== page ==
(A) An HCD MS2 spectrum of the doubly charged Ubc12 N-terminal peptide, MIKLFSLK, N-terminally acetylated and K-ε-GG modified on Lys3 (top) and sequence alignment of Ubc12 N-termini from the indicated species (bottom). The conserved Lys3 residue in the Ubc12 N-terminus identified as a K-ε-GG-modified residue from the MS dataset is highlighted in yellow. Lys residues mutated to Arg in the Ubc12 NK0 mutant are indicated by asterisks. Sequence alignments were generated using Clustal Omega. (B) HeLa-Flp-In-NEDD8 cells were either left untreated or treated with Dox to induce FLAG-NEDD8-L73P expression, and subsequently treated with MLN4924 (5 µM) for the indicated times. Immunoblots of input and anti-FLAG IP samples were analyzed for modified Ubc12 and CUL1. (C) HA-tagged (WT or L73P) NEDD8 or Ub constructs were co-transfected with MycFlag-Ubc12 in HEK293T cells. Conjugation of either NEDD8 or Ub to Ubc12 was analyzed by reciprocal IPs using either anti-HA or anti-Myc antibodies and immunoblotting. (D) MycFlag-tagged WT, NK0 , or N-K3 (NK0 mutant with K3 restored) Ubc12 constructs were co-transfected with Flag-Nedd8-L73P in HEK293T cells. Modified Ubc12 was analyzed in whole-cell lysates by immunoblotting with anti-Myc antibody. (E) WT or NK0 MycFlag-Ubc12 was co-expressed in HEK293T cells with HA-NEDD8-L73P. Cell lysates were incubated with anti-Myc antibody to IP MycFlag-Ubc12, and input and IP samples were analyzed by immunoblotting with the indicated antibodies. Asterisks signify non-specific bands. (F) WT MycFlag-Ubc12 was transfected into HEK293T cells in the presence or absence of HA-Nedd8-L73P. Anti-Myc antibody was used to IP MycFlag-Ubc12 from cell extracts, and input and IP samples were analyzed by immunoblotting with the indicated antibodies.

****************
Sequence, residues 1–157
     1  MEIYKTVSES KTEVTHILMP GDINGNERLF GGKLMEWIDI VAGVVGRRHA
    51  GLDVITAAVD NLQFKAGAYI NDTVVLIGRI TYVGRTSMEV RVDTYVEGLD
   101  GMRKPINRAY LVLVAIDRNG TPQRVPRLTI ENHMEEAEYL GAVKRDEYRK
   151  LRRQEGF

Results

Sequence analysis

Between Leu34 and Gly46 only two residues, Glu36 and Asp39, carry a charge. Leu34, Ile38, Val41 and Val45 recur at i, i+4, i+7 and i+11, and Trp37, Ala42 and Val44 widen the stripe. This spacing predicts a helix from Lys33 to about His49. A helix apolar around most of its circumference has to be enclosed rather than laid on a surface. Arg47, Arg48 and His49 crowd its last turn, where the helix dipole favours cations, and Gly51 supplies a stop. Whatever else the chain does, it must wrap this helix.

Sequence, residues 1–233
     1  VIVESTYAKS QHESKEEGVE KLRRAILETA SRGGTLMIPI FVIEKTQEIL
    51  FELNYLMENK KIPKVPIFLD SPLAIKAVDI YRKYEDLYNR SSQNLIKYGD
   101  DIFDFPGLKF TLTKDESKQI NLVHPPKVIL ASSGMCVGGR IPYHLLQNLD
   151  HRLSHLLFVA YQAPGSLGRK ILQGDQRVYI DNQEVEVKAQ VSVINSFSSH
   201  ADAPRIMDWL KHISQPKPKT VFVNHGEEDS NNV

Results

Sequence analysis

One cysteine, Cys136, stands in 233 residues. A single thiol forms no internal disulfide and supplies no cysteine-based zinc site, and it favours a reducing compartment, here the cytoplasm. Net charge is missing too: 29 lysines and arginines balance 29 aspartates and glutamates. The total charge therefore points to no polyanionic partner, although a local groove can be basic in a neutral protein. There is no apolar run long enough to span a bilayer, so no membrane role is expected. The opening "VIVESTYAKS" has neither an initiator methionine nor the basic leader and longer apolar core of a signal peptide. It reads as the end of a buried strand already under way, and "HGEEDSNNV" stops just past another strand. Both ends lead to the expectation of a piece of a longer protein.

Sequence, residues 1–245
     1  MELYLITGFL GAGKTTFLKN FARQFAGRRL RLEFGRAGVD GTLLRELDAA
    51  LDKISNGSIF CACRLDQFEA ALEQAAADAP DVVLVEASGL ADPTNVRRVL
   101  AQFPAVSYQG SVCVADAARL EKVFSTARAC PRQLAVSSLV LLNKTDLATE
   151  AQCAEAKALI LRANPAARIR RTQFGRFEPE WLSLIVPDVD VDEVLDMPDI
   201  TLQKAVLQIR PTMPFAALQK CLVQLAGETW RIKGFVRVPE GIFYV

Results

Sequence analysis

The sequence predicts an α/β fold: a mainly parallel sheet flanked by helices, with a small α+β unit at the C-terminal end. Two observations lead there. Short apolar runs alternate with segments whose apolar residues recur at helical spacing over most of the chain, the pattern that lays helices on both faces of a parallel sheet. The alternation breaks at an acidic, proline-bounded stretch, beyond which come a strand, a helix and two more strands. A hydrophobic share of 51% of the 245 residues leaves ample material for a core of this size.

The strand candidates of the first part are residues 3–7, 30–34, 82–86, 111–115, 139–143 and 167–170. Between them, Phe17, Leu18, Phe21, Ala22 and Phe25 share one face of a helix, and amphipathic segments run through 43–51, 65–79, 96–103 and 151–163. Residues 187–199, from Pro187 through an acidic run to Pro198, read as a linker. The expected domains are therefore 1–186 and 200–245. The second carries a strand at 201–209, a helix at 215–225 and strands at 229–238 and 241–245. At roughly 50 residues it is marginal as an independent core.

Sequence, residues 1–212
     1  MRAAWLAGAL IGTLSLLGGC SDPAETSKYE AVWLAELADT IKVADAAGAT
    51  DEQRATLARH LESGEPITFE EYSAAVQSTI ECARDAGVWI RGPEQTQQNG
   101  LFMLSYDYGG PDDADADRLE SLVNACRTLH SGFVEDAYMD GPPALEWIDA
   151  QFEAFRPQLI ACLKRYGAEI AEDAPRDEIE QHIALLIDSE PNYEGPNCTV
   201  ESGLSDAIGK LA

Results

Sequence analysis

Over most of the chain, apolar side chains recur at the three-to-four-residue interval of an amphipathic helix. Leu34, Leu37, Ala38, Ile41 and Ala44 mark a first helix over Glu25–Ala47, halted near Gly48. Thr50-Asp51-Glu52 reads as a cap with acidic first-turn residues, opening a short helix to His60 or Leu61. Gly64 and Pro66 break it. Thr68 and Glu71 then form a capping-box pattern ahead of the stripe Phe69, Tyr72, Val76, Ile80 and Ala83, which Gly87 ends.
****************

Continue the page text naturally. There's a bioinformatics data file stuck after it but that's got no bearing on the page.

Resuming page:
https://doi.org/10.7554/eLife.24325.004
Figure 3 with 2 supplements
SENP8 regulates Ubc12 deneddylation.

(A) HeLa cells were treated with control, CSN5, or SENP8 siRNAs for 48 hr prior to harvesting. Whole-cell lysates were analyzed by immunoblotting for the indicated proteins. (B) SENP8 knockout clones (#1 and #2) of HEK293T cells were derived as specified in Materials and methods. Cell lysates were analyzed by immunoblotting with the indicated antibodies. (C) Recombinant Ubc12 was auto-neddylated in vitro in the presence of E1 enzyme, ATP, and either WT or L73P His-tagged NEDD8. Reactions were quenched, and SENP8 was added to deneddylate Ubc12-NEDD8 conjugates. Deneddylation of recombinant Ubc12 was analyzed by SDS-PAGE and SYPRO staining. (D) Ubc12 was in vitro neddylated as in (C) in the presence of WT His-tagged NEDD8. Decreasing concentrations of either recombinant SENP8 or CSN were added to quenched reactions, and Ubc12 deneddylation was assessed by SDS-PAGE and SYPRO staining.

https://doi.org/10.7554/eLife.24325.005
Figure 3—figure supplement 1
Detection of NEDD8-modified Ubc12 in SENP8-deficient cells.